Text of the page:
bloovis.com

March 18, 2017

KVM on Linux Mint 18

I’ve been running Koha on Debian 8 in a VMware Workstation virtual machine, to test it prior to deployment on Linode for a real library. Yesterday I decided to investigate running this VM in KVM, the native Linux virtualization system that is used at Linode. The conversion went well on both Linux Mint 17 and 18. What follows are the steps I used on Mint 18 (Mate edition).

First, install the necessary packages to use KVM via a user-friendly GUI:

sudo apt-get install virt-manager libvirt-bin
suto apt-get install qemu-system gir1.2-spice-client-gtk-3.0

Then add yourself to the libvirtd group:

sudo usermod -a -G libvirtd $USER

If your Workstation virtual disk is split into multiple files, you’ll need to convert it to a single file. In this example, I had a multi-file virtual disk whose configuration file was Debian.vmdk. I converted this using:

vmware-vdiskmanager -r Debian8.vmdk -t 0 DebianKVM.vmdk

Then you’ll need to convert this disk to a form that can be used by KVM. In this example, I used:

qemu-img convert DebianKVM.vmdk -O qcow2 DebianKVM.qcow2

Now you can run virt-manager from the Menu. Create a new virtual machine, select “Import existing disk image”, and at the next step, specify the path to the qcow2 disk image that you just created (DebianKVM.qcow2 in this example).

The following network-related steps are optional.

KVM provides an IP address to the VM via DHCP, but that address could change, depending on whether other VMs are also in use. If your VM contains a server that you wish to access from the host, it helps to lock down the VM to a fixed IP address.

After booting the VM, log into it and discover its MAC address using:

ifconfig | egrep HWaddr

You should see something like this:

eth0      Link encap:Ethernet  HWaddr 52:54:00:a4:37:19  

The MAC address is the colon-separated series of two digit hex numbers after “HWaddr”.

Back on the host, use this command to edit the KVM network configuration:

virsh net-edit default

An editor will run on the network configuration, with contents that look something like this:

<network>
  <name>default</name>
  <uuid>8311c6cc-f2fe-4618-bcf8-fe15167ac643</uuid>
  <forward mode='nat'/>
  <bridge name='virbr0' stp='on' delay='0'/>
  <mac address='52:54:00:66:1b:8d'/>
  <ip address='192.168.122.1' netmask='255.255.255.0'>
    <dhcp>
      <range start='192.168.122.2' end='192.168.122.254'/>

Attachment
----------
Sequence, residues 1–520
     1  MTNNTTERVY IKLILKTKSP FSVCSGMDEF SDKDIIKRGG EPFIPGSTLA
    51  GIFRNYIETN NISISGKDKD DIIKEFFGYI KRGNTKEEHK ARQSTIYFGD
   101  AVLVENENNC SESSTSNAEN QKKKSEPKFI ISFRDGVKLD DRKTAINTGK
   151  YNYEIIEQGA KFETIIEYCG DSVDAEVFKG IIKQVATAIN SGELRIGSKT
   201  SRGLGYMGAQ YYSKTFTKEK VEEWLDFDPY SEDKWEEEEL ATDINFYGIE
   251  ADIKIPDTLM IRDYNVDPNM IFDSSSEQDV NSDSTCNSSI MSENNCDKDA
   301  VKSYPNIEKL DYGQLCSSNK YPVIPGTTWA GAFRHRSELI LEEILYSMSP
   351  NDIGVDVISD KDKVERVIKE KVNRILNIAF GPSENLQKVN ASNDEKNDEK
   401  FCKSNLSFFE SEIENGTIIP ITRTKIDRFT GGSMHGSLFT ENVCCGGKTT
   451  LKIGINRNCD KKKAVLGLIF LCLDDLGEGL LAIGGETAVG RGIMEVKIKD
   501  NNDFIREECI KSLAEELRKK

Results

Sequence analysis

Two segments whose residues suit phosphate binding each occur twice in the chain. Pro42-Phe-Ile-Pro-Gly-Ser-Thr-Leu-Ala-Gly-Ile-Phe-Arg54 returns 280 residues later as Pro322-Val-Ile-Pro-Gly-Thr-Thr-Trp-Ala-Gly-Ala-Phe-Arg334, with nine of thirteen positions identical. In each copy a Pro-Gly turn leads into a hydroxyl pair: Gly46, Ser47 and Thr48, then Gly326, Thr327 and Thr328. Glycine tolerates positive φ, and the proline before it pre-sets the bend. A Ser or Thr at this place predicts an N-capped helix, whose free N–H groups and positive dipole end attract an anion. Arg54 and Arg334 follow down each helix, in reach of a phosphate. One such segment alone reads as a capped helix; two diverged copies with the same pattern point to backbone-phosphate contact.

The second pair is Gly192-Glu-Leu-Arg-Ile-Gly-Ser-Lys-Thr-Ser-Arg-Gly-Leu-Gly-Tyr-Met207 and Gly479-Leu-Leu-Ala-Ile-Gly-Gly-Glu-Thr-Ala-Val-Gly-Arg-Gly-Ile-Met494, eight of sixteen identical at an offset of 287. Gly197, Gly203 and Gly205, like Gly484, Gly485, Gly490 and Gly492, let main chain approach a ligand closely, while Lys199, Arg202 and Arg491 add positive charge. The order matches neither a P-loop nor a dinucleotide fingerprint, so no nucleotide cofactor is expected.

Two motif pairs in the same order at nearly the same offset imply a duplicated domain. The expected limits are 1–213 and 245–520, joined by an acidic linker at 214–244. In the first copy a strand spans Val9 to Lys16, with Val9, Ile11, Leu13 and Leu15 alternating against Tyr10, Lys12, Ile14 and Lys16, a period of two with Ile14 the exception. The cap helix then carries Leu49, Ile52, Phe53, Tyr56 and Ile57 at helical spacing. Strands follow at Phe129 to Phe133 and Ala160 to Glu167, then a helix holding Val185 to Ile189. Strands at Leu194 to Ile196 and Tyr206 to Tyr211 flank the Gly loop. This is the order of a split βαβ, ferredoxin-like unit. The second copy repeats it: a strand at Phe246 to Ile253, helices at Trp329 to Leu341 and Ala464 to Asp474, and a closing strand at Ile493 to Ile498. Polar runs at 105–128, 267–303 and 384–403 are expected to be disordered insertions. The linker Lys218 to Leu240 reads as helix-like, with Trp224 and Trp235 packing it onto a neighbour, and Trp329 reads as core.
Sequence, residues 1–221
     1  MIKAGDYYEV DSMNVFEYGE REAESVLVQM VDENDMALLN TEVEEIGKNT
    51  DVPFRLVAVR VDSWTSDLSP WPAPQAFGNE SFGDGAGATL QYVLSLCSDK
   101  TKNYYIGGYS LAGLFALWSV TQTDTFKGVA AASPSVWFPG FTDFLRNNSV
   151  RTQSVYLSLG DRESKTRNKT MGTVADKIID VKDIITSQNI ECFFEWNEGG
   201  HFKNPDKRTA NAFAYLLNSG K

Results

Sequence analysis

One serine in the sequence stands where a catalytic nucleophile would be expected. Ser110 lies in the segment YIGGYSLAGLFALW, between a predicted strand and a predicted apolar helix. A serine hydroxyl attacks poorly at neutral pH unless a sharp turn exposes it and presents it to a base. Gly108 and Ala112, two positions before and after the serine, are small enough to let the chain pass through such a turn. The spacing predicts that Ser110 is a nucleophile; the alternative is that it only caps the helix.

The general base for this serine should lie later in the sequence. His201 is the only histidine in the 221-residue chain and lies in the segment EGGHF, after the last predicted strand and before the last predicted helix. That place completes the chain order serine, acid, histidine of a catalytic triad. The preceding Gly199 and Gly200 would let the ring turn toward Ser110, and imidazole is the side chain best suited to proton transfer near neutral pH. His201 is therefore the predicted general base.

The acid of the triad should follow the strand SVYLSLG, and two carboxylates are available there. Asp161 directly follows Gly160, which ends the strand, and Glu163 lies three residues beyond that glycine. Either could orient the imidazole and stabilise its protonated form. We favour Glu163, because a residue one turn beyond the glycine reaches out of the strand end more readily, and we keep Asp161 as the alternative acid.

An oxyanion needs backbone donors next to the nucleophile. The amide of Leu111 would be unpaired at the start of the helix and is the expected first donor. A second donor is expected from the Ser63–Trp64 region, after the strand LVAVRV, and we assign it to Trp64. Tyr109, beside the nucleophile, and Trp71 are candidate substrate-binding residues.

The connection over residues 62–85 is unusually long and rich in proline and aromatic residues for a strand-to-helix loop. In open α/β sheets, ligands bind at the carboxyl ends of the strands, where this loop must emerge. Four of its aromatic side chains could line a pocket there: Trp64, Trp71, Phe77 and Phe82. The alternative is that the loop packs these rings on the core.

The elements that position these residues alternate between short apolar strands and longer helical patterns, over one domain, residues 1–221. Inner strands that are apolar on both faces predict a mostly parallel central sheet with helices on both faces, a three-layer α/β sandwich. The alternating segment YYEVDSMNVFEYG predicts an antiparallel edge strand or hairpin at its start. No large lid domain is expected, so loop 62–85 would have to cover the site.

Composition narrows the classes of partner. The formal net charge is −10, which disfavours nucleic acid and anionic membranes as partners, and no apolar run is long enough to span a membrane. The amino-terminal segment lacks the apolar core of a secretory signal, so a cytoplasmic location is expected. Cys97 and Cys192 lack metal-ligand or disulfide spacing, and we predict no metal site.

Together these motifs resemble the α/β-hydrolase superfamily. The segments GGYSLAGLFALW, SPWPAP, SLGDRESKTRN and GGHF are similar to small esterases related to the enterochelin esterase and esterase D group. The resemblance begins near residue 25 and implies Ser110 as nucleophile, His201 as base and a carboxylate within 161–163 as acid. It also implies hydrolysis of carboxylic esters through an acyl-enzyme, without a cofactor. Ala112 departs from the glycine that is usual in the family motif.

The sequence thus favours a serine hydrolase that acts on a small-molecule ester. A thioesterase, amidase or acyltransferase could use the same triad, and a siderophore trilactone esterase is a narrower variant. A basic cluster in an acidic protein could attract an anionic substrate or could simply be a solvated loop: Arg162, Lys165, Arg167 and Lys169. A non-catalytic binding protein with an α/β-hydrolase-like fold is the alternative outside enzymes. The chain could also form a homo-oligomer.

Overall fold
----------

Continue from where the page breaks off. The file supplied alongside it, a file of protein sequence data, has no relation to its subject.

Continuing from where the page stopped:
</dhcp>
  </ip>
</network>

In the dhcp section, change the range start to 192.168.122.20, and insert a line like the following after the range start line:

      <host mac='52:54:00:a4:37:19' name='kvm' ip='192.168.122.11'/>

Be sure to change the MAC address to the one you determined earlier using ifconfig in the VM, and choose an IP address that is below the DHCP range start. The resulting configuration should look like this:

<network>
  <name>default</name>
  <uuid>8311c6cc-f2fe-4618-bcf8-fe15167ac643</uuid>
  <forward mode='nat'/>
  <bridge name='virbr0' stp='on' delay='0'/>
  <mac address='52:54:00:66:1b:8d'/>
  <ip address='192.168.122.1' netmask='255.255.255.0'>
    <dhcp>
      <range start='192.168.122.20' end='192.168.122.254'/>
      <host mac='52:54:00:a4:37:19' name='kvm' ip='192.168.122.11'/>
    </dhcp>
  </ip>
</network>

After exiting the editor, restart the virtual network using:

virsh net-destroy default
virsh net-start default

In the VM, restart the network services to obtain a new IP address, or reboot the VM to be on the convervative side. In the VM, use the ifconfig command to verify that the new IP address is the one that you configured earlier in the “host mac” line.

Now you can access your VM from the host using the new IP address. To avoid having to memorize that address and type it everywhere, add a line like the following to /etc/hosts (as root, of course):

192.168.122.11  kvm.example.com

If your situation is more complex (e.g., if you have more than one virtual network), this posting may help.

Update: If virt-manager complains that KVM is not available when you try to create a virtual machine, the problem may be that virtualization is not enabled in the BIOS. On a ThinkPad, enter the BIOS by pressing the blue ThinkVantage button after powering on the system. Then press F1 to enter the BIOS setup. Select Config, then CPU, then enable Virtualization. Press F10 to save and exit. The system will power itself off, then power on again with virtualization enabled.